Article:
Seychelles' top health official recommends third dose against COVID-19
The Pfizer vaccines received in a donation from the U.S under the COVAX programme is being used in the vaccination campaign.
(Seychelles News Agency) - People in Seychelles who have taken both doses of a vaccine for COVID-19 at least six months ago are being encouraged to come forward to take a third dose in a bid to boost their immune response against the virus.
The Public Health Commissioner, Jude Gedeon, told a news conference Thursday that a third dose helps protection levels.
"Studies have shown that over time, people who have been vaccinated or have contracted the virus in the past have had decreasing levels of immunity over time," he said.
"This, therefore, means that a third dose of a vaccine is needed in order to boost the anti-bodies and better protect each person from getting and spreading the virus," Gedeon added.
Seychelles began its vaccination campaign in January with the first dose of the Sinopharm vaccine. To date 72 percent of its 99,202 inhabitants have taken both doses of either Sinopharm or Covishield vaccines. In addition to Sinopharm, the Pfizer vaccines received in a donation from the U.S under the COVAX programme is being used in the vaccination campaign.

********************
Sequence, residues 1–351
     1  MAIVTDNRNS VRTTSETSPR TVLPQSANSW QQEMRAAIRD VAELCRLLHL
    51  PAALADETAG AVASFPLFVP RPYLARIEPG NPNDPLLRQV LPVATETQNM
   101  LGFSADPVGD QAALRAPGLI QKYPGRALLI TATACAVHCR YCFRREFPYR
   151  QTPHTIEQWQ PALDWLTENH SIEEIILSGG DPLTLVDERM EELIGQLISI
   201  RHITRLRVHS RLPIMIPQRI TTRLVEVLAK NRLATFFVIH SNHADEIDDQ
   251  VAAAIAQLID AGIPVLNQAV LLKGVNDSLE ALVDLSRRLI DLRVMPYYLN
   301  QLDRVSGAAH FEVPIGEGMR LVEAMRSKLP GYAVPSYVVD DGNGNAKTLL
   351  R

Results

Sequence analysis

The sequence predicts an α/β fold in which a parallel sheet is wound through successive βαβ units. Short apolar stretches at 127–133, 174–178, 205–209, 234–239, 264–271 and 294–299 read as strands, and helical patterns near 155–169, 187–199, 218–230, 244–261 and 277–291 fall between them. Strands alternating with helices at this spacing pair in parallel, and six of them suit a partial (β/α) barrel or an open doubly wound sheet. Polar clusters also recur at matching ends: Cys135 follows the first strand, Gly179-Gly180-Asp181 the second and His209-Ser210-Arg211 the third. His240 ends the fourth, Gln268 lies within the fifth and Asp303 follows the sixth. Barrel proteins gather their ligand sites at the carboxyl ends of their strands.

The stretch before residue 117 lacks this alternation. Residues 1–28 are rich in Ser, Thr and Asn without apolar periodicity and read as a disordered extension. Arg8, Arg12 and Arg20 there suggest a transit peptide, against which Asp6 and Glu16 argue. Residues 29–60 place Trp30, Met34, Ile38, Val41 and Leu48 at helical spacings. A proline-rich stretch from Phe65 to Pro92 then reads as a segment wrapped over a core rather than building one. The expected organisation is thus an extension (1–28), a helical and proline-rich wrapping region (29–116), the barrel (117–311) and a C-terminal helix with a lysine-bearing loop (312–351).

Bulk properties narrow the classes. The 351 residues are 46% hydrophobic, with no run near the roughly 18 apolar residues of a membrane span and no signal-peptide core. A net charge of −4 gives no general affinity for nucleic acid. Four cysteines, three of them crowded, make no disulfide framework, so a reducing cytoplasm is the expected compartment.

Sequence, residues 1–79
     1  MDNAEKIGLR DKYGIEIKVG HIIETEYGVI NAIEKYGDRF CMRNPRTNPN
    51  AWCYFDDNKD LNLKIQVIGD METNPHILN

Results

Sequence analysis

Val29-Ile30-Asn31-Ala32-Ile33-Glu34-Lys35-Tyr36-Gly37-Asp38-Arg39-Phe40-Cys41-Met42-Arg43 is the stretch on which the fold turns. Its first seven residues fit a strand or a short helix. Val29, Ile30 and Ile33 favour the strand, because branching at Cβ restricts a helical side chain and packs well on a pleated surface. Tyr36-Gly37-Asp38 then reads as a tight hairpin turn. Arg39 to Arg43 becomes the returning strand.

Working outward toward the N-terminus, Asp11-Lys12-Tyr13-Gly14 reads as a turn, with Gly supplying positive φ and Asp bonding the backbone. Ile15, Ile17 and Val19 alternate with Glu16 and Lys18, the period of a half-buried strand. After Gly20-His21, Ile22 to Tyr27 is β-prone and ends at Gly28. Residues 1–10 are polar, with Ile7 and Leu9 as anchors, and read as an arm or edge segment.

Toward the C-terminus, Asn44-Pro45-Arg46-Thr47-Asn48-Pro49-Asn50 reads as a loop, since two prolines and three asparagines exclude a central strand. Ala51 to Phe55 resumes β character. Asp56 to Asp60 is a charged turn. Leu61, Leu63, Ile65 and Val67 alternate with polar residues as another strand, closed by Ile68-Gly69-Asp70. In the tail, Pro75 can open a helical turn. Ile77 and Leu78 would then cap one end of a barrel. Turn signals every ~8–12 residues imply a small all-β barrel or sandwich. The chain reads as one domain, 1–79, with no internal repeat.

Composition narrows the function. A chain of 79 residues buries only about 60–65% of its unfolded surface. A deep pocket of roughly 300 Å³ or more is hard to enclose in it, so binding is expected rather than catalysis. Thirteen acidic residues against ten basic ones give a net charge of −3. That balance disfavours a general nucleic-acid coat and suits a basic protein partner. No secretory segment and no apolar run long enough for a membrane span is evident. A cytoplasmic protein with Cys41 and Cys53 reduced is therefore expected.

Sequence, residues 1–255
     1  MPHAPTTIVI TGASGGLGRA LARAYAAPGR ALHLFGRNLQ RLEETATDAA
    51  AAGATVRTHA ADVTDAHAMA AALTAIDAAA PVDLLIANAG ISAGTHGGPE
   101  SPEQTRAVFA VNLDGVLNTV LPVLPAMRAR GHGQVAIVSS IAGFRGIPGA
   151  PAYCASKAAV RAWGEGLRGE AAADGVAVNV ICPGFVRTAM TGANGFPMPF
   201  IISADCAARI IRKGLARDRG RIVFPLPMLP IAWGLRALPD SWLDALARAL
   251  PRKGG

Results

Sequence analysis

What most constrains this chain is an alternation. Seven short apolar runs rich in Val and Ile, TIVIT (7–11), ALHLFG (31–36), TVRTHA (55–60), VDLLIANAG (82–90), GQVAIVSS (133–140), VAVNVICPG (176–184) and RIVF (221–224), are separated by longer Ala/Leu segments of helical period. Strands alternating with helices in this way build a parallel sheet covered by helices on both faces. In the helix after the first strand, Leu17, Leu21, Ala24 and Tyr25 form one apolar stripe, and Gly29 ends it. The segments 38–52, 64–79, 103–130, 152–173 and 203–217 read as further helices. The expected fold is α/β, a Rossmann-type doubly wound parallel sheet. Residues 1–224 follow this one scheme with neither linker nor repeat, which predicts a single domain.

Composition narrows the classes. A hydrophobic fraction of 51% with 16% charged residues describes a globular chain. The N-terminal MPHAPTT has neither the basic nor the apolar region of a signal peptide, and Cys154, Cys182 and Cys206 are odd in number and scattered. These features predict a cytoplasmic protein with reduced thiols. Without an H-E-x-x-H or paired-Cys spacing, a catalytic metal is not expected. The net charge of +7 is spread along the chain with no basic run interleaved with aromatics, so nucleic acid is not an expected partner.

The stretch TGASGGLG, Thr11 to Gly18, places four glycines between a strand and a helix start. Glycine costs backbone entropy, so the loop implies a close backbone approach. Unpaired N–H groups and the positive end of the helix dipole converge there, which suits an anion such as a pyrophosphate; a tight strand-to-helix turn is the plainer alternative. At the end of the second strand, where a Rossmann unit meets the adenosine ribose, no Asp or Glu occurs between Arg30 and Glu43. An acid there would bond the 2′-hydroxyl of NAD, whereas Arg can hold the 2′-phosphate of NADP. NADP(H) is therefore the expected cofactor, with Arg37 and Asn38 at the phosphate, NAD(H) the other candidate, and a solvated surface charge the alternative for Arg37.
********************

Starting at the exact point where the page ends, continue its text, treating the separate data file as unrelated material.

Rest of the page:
In recent weeks, the island nation in the western Indian Ocean began to administer Pfizer vaccines to adolescents aged between 12-17 years. Around 5,000 young people in the age group have already had their first dose.
Gedeon said that the vaccination campaign and other prevention measures in place have helped lower its number of active cases, which at one point reached a peak of 3,190. The latest figures show that the island nation now has 278 active cases and has recorded 118 COVID-related deaths.
"Despite the decrease in cases, we must continue to be on guard and observe the prevention measures put in place to ensure we do not get another surge in cases," said Gedeon.
He added, "It has taken us a lot of time resource to regain some measure of control over the previous surge and so, we must ensure that we do not have to go through it again as it will against have potentially devastating effects, especially now that the country is recovering."
Gedeon said that according to local studies the most prevalent variant of COVID-19 is the delta variant, which has almost completely overtaken the alpha and beta variants.